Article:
Buffalo, Where the Banderites Roam
The OUN-B in "The City of Good Neighbors"
Long story short: what remains of Stepan Bandera’s Organization of Ukrainian Nationalists (OUN-B) in the United States owns the “Dnipro” Ukrainian Cultural Center—a.k.a. Ukrainian Home Dnipro—in Buffalo, New York, a cornerstone of its Ukrainian community. To be more precise, the three-story building pictured above belongs to the Ukrainian American Freedom Foundation (UAFF), an OUN-B “facade structure” ostensibly headquartered in Manhattan but rooted in Buffalo. The UAFF is also a co-owner of the OUN-B’s Ukrainian headquarters building.
To get some substantiated rumors and informed speculation out of the way: I strongly suspect that the UAFF building in Buffalo, formerly known as “Orioles Hall,” was the birthplace of the Nazi German American Bund. Walter Zaryckyj, the UAFF president, is allegedly the U.S. leader of the OUN-B. Paul Bandriwsky, a Chicago banker, appears to be the most important OUN-B member in the Midwestern United States. Bandriwsky, however, hails from Buffalo, where his brother Emil seems to be the OUN-B’s point man as the treasurer of the Dnipro Ukrainian Center. That all being said, let’s stick to the facts, and start at the beginning.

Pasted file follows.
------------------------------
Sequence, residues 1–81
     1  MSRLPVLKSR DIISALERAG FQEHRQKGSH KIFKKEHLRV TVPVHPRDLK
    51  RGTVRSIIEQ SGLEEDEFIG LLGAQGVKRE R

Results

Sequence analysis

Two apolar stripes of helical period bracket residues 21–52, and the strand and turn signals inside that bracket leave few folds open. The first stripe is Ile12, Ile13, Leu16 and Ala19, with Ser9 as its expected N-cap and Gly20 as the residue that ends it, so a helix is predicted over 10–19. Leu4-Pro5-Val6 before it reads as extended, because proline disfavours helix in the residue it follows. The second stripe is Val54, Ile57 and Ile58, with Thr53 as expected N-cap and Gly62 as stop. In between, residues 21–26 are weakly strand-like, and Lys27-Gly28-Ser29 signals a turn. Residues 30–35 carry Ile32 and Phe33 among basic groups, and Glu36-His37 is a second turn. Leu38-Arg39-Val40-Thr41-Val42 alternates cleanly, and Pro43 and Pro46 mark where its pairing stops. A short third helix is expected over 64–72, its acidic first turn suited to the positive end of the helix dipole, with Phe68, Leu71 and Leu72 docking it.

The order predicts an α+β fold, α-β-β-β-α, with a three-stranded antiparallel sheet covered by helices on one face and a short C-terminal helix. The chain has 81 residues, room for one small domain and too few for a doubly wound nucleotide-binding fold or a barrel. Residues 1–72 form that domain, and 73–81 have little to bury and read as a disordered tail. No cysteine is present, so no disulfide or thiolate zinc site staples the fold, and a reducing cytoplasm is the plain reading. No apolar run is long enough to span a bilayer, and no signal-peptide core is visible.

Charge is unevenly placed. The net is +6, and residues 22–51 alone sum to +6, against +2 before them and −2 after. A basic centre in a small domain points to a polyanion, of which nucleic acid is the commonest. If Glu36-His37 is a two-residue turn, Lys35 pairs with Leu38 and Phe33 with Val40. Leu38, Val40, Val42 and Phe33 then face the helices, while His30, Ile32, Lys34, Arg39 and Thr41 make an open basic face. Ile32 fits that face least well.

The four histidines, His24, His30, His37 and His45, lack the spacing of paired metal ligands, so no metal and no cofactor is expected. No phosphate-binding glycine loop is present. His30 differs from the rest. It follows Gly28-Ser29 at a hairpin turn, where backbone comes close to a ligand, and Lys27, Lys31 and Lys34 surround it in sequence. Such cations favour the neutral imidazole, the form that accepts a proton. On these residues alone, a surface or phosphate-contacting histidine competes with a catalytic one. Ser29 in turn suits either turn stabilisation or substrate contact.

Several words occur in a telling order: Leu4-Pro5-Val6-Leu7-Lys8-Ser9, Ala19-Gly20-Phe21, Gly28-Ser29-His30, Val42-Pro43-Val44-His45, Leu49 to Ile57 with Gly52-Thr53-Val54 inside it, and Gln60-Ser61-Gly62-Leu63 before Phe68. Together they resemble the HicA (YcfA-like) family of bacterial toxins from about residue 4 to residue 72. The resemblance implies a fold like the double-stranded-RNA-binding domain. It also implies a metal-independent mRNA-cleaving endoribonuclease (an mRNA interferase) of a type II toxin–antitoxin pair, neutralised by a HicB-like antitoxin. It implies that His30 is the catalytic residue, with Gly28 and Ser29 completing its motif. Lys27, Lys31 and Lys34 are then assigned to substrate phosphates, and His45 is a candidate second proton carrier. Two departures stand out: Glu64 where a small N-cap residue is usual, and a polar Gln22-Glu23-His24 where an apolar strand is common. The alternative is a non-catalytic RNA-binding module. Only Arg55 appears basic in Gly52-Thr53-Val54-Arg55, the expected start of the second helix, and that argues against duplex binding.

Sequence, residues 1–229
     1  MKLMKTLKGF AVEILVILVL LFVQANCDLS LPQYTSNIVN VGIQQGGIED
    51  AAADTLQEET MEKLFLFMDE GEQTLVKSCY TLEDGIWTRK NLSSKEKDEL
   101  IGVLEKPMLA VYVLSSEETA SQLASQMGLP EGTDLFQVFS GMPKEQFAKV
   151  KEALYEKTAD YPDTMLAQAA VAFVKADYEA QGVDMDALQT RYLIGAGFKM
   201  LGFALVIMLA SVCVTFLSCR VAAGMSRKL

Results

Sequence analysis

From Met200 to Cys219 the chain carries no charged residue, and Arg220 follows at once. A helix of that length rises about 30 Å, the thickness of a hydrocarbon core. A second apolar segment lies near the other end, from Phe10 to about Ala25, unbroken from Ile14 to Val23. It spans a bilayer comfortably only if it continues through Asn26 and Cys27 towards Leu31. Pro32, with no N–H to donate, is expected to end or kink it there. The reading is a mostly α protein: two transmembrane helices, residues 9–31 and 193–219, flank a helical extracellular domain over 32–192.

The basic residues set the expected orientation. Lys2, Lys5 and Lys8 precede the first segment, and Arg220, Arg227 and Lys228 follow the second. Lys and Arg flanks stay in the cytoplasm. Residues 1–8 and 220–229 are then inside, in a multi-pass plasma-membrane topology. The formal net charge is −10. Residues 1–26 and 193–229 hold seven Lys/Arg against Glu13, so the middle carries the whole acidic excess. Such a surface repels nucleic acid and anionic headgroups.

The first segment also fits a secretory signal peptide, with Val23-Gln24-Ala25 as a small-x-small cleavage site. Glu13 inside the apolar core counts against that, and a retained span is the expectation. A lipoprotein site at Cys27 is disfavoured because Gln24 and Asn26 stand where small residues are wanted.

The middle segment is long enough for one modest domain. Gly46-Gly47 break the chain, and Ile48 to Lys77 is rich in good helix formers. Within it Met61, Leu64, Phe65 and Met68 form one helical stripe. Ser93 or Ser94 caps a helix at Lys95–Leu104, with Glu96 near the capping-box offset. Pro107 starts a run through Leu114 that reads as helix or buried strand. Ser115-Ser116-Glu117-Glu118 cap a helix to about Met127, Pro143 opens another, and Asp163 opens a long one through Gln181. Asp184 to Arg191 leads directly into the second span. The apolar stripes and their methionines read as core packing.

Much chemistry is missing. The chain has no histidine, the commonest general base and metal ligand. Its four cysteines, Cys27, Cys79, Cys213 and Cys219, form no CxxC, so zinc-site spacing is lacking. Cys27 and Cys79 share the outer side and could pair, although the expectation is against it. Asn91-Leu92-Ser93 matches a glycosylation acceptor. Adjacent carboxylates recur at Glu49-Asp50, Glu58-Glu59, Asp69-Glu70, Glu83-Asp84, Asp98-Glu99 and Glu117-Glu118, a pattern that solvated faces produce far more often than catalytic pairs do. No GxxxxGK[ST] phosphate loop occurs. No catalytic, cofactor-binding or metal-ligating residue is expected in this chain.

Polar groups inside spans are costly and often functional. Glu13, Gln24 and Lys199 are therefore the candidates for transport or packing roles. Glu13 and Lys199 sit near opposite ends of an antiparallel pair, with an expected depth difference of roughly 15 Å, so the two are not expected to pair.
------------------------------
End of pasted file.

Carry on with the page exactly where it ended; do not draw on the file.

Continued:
Buffalo is the second largest city in New York State and sits on the Canadian border, roughly a two hours drive from Toronto, which years ago eclipsed the much more distant New York City as an international coordinating center for the OUN-B. Buffalo’s first Ukrainian community center, the Narodnij Dim (People’s House), was built in the early 20th century, well before the founding of the fascistic Organization of Ukrainian Nationalists in 1929. Today it’s called the Ukrainian American Civic Center (UACC).